Though the Mohave Electric Cooperative, which sought the waiver, requested the plant be granted full credit for the power it generated, Commission Chairman Gary Pierce offered an amendment that dictated that the amount of credit the plant received be based on the percentage of energy it generates from biogenic sources. Mohave Electric has estimated that 91 percent of the power will come from biogenic sources.
“I believe this is a rational way to reign this in, depending on how this performs,” Pierce said.
The plant, which will be built by Reclamation Power Group LLC, would potentially sell energy to Mohave Electric, although Mohave Electric attorney Michael Curtis told commissioners there was no set contract and the utility would only buy the power if it proved to be cost-effective.
Although environmental groups opposed the plant, arguing that it will create air and water pollution, RPG president Ron Blendu argued during today’s testimony that garbage is a renewable resource.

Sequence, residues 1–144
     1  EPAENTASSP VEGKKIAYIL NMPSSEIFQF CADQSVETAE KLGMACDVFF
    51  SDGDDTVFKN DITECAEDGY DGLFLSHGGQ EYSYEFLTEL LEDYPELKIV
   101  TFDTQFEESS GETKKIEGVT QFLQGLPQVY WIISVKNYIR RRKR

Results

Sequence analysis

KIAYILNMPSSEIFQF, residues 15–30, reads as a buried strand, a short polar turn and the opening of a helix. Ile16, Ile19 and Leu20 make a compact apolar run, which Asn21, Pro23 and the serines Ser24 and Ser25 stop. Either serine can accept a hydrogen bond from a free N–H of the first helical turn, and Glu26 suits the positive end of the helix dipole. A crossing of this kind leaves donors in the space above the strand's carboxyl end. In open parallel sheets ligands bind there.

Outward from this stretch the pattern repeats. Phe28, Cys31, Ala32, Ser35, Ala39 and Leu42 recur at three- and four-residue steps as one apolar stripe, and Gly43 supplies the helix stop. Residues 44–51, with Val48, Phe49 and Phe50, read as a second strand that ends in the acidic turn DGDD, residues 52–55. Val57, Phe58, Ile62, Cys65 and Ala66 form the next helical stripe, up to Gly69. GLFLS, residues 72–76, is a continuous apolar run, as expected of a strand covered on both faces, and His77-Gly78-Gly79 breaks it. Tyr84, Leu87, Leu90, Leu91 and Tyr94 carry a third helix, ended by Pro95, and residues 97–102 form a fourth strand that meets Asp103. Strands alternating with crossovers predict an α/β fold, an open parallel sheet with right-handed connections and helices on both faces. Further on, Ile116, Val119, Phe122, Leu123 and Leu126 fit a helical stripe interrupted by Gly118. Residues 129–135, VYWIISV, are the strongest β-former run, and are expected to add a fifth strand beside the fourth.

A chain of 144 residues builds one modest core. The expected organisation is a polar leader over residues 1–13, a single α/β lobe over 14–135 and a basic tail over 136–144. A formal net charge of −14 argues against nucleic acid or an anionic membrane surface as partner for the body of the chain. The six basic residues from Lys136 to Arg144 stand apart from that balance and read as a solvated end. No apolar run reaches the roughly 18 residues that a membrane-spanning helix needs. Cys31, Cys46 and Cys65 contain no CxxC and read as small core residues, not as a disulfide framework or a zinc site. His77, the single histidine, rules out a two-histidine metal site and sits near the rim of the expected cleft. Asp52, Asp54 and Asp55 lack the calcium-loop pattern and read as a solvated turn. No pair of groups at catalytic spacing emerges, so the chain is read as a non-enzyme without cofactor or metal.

“Man has been generating waste since we existed,” he told commissioners. “I don’t anticipate waste going away.”
The measure was approved by a party line vote, with Republicans Pierce, Brenda Burns and Bob Stump voting in favor and Democrats Paul Newman and Sandra Kennedy voting against it.
Throughout the meeting, Newman was outspoken about his objection both to the project and the proceedings, arguing that Pierce was denying the commissioners their due process by putting time limits on their questions for witnesses.
“We’re sitting on the hottest solar properties in the United States,” Newman said, “and we’re taking a limited amount of renewable energy credits from the solar pool to experiment with burning garbage that will create bad things that go into the air.”
Newman and Kennedy ran for office in 2008 on a platform of increasing the use of solar energy in Arizona.
But Burns argued that it was important for the state to utilize all renewable energy technology rather than “putting all of our eggs in one basket.”